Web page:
17.      Petitions

17.1      Form of petitions

Petitions may be presented to the local authority or any of its committees or community boards. Petitions must contain at least 20 signatures and consist of fewer than 150 words (not including signatories). They must be received by the chief executive at least 5 working days before the date of the meeting at which they will be presented.

Petitions must not be disrespectful, use offensive language or include malicious statements (see standing order 20.9 on qualified privilege). They may be written in English or te reo Māori. Petitioners planning to make a petition in te reo Māori or sign language should advise the relevant Chair at least two working days before the meeting to enable the petition be translated and reprinted, if necessary.

17.2      Petition presented by petitioner

A petitioner who presents a petition to the local authority or any of its committees and subcommittees or community boards, may speak for 5 minutes (excluding questions) about the petition, unless the meeting resolves otherwise. The Chair must terminate the presentation of the petition if he or she believes the petitioner is being disrespectful, offensive or making malicious statements.

Where a petition is presented as part of a deputation or public forum the speaking time limits relating to deputations or public forums shall apply. The petition must be received by the chief executive at least 5 working days before the date of the meeting concerned.

17.3      Petition presented by member

Members may present petitions on behalf of petitioners. In doing so, members must confine themselves to presenting:

(a)       the petition;

(b)       the petitioners’ statement; and

(c)       the number of signatures.

 

18.    Exclusion of public

18.1      Motions and resolutions to exclude the public

Members of a meeting may resolve to exclude the public from a meeting. The grounds for exclusion are those specified in section 48 of LGOIMA (see Appendix 1).

Every motion to exclude the public must be put while the meeting is open to the public, and copies of the motion must be available to any member of the public who is present. If the motion is passed the resolution to exclude the public must be in the form set out in schedule 2A of LGOIMA (see Appendix 2). The resolution must state:

(a)       the general subject of each matter to be excluded;

(b)       the reason for passing the resolution in relation to that matter; and

(c)       the grounds on which the resolution is based.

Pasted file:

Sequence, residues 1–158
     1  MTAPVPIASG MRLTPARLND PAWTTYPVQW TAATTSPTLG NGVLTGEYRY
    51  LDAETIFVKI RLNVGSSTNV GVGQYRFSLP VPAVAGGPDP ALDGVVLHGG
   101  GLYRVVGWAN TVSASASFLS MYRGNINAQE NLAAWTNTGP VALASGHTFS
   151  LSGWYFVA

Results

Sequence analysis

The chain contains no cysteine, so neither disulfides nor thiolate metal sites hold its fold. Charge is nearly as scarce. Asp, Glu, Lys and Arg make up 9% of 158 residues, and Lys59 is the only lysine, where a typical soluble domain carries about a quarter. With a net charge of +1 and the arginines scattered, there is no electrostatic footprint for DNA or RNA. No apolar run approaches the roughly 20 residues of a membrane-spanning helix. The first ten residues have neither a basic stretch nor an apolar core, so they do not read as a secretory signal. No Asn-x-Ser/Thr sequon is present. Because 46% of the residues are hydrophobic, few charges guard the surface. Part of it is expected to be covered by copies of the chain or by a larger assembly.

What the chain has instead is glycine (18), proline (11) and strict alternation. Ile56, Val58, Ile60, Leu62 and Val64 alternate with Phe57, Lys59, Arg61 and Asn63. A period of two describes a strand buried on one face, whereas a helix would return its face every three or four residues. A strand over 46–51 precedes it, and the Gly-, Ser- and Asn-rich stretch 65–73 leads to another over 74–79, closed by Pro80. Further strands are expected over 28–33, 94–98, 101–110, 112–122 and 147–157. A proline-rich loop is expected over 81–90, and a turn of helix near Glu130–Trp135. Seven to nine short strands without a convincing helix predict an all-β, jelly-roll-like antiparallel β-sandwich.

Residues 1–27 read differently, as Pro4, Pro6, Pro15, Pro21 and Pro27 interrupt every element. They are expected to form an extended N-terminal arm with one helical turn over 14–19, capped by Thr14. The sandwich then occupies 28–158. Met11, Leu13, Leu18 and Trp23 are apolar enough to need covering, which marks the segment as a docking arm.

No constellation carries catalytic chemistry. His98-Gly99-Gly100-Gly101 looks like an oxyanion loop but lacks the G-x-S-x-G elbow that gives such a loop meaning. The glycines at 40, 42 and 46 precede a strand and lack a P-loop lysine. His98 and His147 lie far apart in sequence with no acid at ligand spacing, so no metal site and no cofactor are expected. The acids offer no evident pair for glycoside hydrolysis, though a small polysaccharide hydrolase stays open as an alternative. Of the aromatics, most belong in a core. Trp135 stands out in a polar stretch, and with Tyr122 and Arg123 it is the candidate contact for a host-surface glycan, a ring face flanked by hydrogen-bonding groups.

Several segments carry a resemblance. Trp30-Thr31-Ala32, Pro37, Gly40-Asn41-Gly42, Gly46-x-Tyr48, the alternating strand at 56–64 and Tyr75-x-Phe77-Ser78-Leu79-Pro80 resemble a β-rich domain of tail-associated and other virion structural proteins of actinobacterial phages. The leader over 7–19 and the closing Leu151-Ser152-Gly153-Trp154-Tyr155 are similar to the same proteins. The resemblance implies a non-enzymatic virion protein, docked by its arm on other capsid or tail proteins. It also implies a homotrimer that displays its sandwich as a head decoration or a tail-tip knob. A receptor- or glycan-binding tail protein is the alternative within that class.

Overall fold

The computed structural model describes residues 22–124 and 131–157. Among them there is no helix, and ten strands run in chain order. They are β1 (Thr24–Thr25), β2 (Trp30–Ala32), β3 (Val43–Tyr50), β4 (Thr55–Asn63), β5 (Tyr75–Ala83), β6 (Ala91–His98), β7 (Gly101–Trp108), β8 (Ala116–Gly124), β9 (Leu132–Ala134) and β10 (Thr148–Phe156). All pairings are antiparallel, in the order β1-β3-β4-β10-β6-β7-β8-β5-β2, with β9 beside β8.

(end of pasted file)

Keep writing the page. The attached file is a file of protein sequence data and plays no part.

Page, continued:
The resolution will form part of the meeting’s minutes.

s. 48 LGOIMA.

18.2      Specified people may remain

Where a meeting resolves to exclude the public, the resolution may provide for specified persons to remain if, in the opinion of the meeting, they will assist the meeting to achieve its purpose. Any such resolution must state, in relation to the matter to be discussed, how the knowledge held by the specified people is relevant and be of assistance.

No such resolution is needed for people who are entitled to be at the meeting, such as relevant staff and officials contracted to the council for advice on the matter under consideration.

s.48 (6) LGOIMA.

18.3      Public excluded items 

The chief executive must place in the public-excluded section of the agenda any items that he or she reasonably expects the meeting to consider with the public excluded. The public excluded section of the agenda must indicate the subject matter of the item and the reason the public are excluded.

s.46A (8) LGOIMA.

18.4      Non-disclosure of information

No member or officer may disclose to any person, other than another member, officer or person authorised by the chief executive, any information that has been, or will be, presented to any meeting from which the public is excluded, or proposed to be excluded.

This restriction does not apply where a meeting has resolved to make the information publicly available or where the chief executive has advised, in writing, that one or both of the following apply:

(a)       there are no grounds under LGOIMA for withholding the information;

(b)       the information is no longer confidential.

18.5      Release of information from public excluded session

A local authority may provide for the release to the public of information which has been considered during the public excluded part of a meeting.

Each public excluded meeting must consider and agree by resolution, what, if any, information will be released to the public. In addition the chief executive may release information which has been considered at a meeting from which the public has been excluded where it is determined the grounds to withhold the information no longer exist. The chief executive will inform the subsequent meeting of the nature of the information released.

 

 

 

19.    Voting

19.1      Decisions by majority vote

Unless otherwise provided for in the LGA 2002, other legislation or standing orders, the acts of and questions before a local authority (or local and community boards) must be decided at a meeting through a vote exercised by the majority of the members of that meeting voting.

cl. 24 (1), Schedule 7, LGA 2002.

19.2      Open voting

An act or question coming before the local authority must be done or decided by open voting.

cl. 24 (3) Schedule 7, LGA 2002.

19.3      Chair has a casting vote

The Mayor, Chair or any other person presiding at a meeting has a deliberative vote and, in the case of an equality of votes, has a casting vote.

cl. 24 (2) Schedule 7, LGA 2002.

19.4      Method of voting

The method of voting must be as follows: